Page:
A an early Regency period ebony-inlaid mahogany Davenport, with a pullout cream silk covered fire screen. The hinged slope, lined with original tooled blue leather above a drawer and a pen and ink tray, the opposing side with a pull out slide. Attributed to GEORGE OAKLEY OF LONDON (worked 1786-c.1819)
With extensive premises in Bond Street and the City, Oakley undertook commissions for a wide and distinguished circle of patrons, including the Prince Regent, for whom he worked at Carlton House. During a career spanning over half a century he supplied both furniture and upholstery for the Mansion House and the Bank of England, as well as private clients such as the banker Thomas Baring, Lady Cotton of Madingley Hall, Cambridgeshire, and Edward, Lord Lascelles, for whom he worked at Harewood House, Hanover Square. A pioneer in the use of 'Buhl' inlay, Oakley established himself as one of the most original and innovative designers of the period, and his showrooms in Bond Street became a mecca for fashionable society. As early as 1799 he was granted a royal warrant after receiving a visit from Queen Charlotte and other members of the royal family, on which occasion, it was reported, '... her MAJESTY, the Duke and Duchess of YORK, and the PRINCESSES, &c., highly approved of the splendid variety which has justly attracted the notice of the fashionable world' (Morning Chronicle, May 1799, quoted in Geoffrey Beard and Christopher Gilbert, Dictionary of English Furniture Makers 1600-1840, 1986, p.658). In 1801 the Journal des Luxus und der Moden noted 'everyone of taste and discrimination' is 'making purchases at Oakley's, the most tasteful of London's cabinet-makers'.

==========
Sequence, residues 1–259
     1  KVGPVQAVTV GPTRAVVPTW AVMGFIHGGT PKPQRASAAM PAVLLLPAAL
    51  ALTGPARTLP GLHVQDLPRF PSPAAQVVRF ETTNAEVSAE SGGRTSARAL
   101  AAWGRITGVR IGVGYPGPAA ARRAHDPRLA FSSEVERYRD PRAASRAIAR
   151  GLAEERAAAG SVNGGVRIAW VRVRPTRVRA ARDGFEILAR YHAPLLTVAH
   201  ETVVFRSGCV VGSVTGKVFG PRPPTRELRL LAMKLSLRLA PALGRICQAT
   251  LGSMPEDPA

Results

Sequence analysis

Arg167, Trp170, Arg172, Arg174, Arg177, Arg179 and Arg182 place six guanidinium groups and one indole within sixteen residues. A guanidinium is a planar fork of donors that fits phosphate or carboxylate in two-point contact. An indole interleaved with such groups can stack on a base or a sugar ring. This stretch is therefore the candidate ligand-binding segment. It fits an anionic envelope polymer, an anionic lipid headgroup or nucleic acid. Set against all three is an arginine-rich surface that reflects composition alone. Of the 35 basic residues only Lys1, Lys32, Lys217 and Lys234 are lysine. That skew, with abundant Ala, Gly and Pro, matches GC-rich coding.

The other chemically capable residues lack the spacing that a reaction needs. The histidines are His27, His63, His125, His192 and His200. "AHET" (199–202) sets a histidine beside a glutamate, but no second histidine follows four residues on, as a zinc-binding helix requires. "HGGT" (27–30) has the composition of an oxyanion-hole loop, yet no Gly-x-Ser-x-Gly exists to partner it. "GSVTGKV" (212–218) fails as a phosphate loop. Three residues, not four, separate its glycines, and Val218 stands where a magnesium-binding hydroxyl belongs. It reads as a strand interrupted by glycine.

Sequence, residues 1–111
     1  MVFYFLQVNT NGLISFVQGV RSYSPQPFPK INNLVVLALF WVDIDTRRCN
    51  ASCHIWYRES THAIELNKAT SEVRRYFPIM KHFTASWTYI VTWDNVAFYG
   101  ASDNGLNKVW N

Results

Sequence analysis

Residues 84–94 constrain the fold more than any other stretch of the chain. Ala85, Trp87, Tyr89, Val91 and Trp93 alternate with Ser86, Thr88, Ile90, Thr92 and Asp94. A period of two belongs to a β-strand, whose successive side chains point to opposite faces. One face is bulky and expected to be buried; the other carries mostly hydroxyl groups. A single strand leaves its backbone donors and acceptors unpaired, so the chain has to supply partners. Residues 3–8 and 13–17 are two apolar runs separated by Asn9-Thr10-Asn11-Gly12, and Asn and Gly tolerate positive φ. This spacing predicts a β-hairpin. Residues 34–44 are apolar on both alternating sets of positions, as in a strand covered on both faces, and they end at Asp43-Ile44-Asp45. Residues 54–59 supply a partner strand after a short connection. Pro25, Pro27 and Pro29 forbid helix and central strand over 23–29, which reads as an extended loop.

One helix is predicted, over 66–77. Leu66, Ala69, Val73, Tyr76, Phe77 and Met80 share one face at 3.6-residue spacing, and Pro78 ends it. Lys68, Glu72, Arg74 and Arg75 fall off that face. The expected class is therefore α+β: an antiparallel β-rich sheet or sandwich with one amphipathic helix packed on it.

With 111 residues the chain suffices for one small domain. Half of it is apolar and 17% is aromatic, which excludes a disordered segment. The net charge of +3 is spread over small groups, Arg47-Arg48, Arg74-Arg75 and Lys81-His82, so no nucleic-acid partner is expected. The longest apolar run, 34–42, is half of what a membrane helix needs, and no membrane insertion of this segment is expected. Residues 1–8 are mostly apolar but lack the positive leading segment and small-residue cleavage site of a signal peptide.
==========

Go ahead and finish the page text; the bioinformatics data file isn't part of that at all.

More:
The striking 'Grecian' lines of this Davenport correspond to the oeuvres of the leading fashionable cabinet makers of the early 19th century. Perhaps one of the strongest comparisons can be drawn with the work of George Oakley and parallels can be drawn with several pieces supplied to Charles Madryll Cheere, Papworth Hall, Cambridge circa 1810.